‘Pharmacy has proven it is the champion and cornerstone of primary healthcare.’


Community pharmacist Chrysa Giannellis and her husband Daniel. Credit: Mark Davis Photography

A pharmacist who got married on the cusp of the COVID-19 crisis has been floored by the courage and commitment of her pharmacy colleagues in the face of intense pressure

It seems like our wedding was a lifetime away! We were extremely nervous the week before as we had around 250 people attending our wedding and we weren’t sure if the government was going to enforce restrictions around large gatherings.

The wedding was to be held in Melbourne but my mother-in-law’s family is from Sydney, so we had 80 people travelling from Sydney to Melbourne as well.

Every day we were checking the updates anxiously, but luckily we were still able to have our wedding on the cusp of the crisis. The day itself was one filled with pure joy and happiness – and many espresso martinis!

We knew life would change after marriage, however not quite this much. After we spent our first week as newlyweds in the Maldives – rather than honeymooning in Europe – we had to come back home and go into 14 days of quarantine.

It was the most bizarre moment to come back and not be able to hug your family on arrival at the airport.

During our 14-day lockdown, I completed a 3000-piece puzzle and bought an Italian grammar book so I started teaching myself Italian. At the back of my mind, however, I was anxious about the situation I was going to return to at work. I would often check our work WhatsApp group which gave me an insight into what was going on, and it seemed like chaos.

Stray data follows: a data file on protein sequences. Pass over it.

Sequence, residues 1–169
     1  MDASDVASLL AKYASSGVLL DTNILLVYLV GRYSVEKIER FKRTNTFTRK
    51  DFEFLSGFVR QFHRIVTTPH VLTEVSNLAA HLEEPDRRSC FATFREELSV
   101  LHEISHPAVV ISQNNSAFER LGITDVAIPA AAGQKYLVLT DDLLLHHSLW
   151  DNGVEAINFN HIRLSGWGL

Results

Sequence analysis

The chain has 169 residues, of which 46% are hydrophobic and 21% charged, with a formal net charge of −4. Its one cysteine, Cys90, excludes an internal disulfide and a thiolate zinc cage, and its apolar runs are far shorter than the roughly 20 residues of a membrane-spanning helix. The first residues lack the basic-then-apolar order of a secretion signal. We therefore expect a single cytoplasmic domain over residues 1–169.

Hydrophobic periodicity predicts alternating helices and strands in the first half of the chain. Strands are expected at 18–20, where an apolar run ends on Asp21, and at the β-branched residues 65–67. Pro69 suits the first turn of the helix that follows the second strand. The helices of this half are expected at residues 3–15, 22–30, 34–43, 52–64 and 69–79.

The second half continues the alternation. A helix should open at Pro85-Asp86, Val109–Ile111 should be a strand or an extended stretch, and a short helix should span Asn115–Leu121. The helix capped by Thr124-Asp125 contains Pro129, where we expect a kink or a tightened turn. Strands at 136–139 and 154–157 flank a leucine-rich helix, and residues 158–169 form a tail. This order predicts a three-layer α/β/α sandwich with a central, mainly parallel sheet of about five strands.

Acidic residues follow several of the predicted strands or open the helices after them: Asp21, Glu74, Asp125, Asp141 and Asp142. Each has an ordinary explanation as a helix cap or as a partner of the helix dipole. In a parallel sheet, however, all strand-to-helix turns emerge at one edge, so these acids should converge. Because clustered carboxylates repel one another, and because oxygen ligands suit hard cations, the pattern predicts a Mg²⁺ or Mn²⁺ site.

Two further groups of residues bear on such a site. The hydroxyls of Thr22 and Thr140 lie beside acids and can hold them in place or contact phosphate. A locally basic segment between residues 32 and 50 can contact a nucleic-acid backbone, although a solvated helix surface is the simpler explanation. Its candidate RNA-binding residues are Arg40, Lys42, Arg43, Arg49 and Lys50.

After the quarantine period ended, I returned to work and I’ve been back at the pharmacy for four weeks now.

There is only one word which describes the pharmacy situation currently – intense. Every day feels like we are fighting an uphill battle. My colleagues and pharmacy staff around Australia are part of a silent overlooked army of humble frontline soldiers dealing with hysteria, fear and uncertainty, whilst we do our best to stay calm ourselves.

This pandemic has certainly shown us the best and worst in our communities. In the face of the COVID-19 pandemic, we all continue to honourably come into work with a smile and humility, determined to serve our community and strive to deliver world-class primary healthcare.

I very quickly came to a disheartening realisation, however, that our extreme efforts in pharmacy seem to consistently be overlooked and unacknowledged by many sectors in leadership.

While other health professionals are closing their doors when it comes to face-to-face patient care, pharmacists are treating more patients than ever, acknowledging the responsibility of stepping up to the call of being the most accessible primary health care providers.

Despite the dangers, community pharmacists and their courageous teams have rallied together to serve our communities selflessly, fundamentally preventing the collapse of our healthcare system.